Despite the fashion power of the letter x, I don't see Maddox-like popularity ahead for Knox. If you're looking for the next great x name, then, it's time to strike out on your own. Below are some creative x names with potential...
...and while we're at it, some o names (male and female) as alternatives to Shiloh.
A few days ago I invited you all to suggest "sibling" names to go with Barack, Kingston and Sylvie for the next edition of The Baby Name Wizard. It was fascinating to read your different approaches to the concept of matching: keying on sound, meaning, origin, cultural connections, or just a gut feeling that "those go together." Thank you for an outstanding pool of ideas!
Before I tell you what I've settled on, a few general thoughts on the process.
What is a sibling match?
The "sibling" lists in BNW serve three functions. The most obvious is as literal sibling ideas. E.g., if you named your daughter Landry, perhaps you'd like Madden for a new baby boy. The second function is as an idea generator. I want readers to be able to pick up the book with just one or two appealing names in mind, and have the book guide them to other promising choices. The third and subtlest function is to help parents see the name as others see it. The 10 sibling suggestions, taken together, should represent the original name in all its facets of style.
This last goal sometimes requires a chimeric list, divided into different kinds of matches. For instance, how would you describe Ciara?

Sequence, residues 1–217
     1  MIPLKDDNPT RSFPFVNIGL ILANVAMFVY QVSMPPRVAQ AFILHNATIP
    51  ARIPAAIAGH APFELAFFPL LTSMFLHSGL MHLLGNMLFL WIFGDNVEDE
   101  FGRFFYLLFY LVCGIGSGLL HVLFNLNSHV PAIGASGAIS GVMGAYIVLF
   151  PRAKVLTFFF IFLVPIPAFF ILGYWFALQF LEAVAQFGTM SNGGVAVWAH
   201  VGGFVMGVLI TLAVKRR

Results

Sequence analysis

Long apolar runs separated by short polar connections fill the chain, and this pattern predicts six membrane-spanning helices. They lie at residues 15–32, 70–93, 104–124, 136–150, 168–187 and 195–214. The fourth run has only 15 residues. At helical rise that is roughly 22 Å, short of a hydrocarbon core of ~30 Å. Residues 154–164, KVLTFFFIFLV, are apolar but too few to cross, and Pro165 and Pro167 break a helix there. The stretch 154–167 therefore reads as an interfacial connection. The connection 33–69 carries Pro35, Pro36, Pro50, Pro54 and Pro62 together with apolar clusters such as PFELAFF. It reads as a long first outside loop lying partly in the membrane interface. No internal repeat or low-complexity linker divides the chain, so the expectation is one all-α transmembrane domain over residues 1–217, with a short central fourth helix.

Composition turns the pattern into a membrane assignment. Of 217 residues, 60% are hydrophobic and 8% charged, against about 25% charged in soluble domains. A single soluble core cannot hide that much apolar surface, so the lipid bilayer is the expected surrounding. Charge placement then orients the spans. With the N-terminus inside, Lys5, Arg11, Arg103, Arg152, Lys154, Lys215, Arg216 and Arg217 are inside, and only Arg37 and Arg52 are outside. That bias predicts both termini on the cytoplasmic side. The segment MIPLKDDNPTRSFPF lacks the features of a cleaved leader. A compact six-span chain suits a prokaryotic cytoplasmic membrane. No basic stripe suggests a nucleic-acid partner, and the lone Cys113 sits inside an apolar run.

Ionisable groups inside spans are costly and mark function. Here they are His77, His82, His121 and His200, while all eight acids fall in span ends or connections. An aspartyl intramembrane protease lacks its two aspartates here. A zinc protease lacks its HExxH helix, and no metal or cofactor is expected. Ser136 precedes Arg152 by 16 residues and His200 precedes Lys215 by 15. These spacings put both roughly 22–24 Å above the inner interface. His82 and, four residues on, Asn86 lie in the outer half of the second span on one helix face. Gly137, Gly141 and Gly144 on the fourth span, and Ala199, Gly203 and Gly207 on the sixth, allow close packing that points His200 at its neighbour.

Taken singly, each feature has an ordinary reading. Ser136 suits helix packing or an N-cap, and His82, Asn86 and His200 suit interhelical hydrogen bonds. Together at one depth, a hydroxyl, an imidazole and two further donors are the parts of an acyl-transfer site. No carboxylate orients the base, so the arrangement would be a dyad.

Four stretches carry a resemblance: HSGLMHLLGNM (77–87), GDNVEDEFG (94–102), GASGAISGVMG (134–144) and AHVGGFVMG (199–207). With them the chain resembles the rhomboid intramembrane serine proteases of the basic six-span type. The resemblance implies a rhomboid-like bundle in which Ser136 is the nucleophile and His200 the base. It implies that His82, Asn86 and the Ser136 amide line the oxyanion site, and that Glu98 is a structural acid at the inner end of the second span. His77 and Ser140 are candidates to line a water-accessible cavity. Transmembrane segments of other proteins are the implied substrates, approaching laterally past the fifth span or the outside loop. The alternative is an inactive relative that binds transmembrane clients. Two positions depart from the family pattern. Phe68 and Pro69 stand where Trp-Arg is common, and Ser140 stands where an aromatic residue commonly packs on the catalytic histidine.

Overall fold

A. An Irish name pronounced KEER-ə
B. An African-American name, popularized by the one-named singer Ciara and pronounced see-EHR-ə
If you think the answer is "both," then you have to divide up the the territory. (Or find a midpoint, if you can...how about Rohan?)
And a final complication -- the one that was giving me fits as I looked for brothers for Sylvie. Many name styles suffer from a sex imbalance. If you want an "old-fashionedy" name with a lively, offbeat style, your options for girls go on and on. The prime boys' names, though, number about a dozen. Factor in that each girl's name gets five boys' suggestions, and it's all too easy to suggest a name like Theo 25 times. It's a struggle to strike a balance between the best matches and the best variety across the book. But you all agreed that Theo goes with Sylvie, and you're all absolutely right. So Theo and pals are in.
And now, the (semi) final match lists:
Sisters: Zahra, Naima, Malaika, Imani, Malia
Brothers: Malik, Kofi, Kwame, Jelani, Khalid
Comments: In the end, I decided to go mostly with East African names that are uncommon but somewhat familiar in the West, plus a few other names with political associations. It's not a perfect solution, but it's the closest I could come to representing the style and impact of the name Barack. The political story simply hasn't developed fully enough to match with historical figures.
Sisters: Amelie, Leonie, Iris, Noelle, Lucie
Brothers: Theo, Jules, Felix, Jasper, Hugh
Comments: Thanks to all of you from the French-speaking world who shared your bafflement at Sylvie being a hip up-and-coming name! I realize it's just an ordinary middle-aged name to you...but then again, we marvel at all your little Arthurs.
Sisters: Indigo, Marley, Juno, Harlow, Winter
Brothers: Lexington, Bowman, Maddox, Cash, Dekker
Comments: This was wide-open territory and hard to narrow down. For boys I focused on surnames & place names with some edge. For girls I went with more of a gestalt approach. The reader suggestion Indigo is a great example of the mysterious art of sibling matching. It has nothing specifically in common with Kingston, but it just feels right.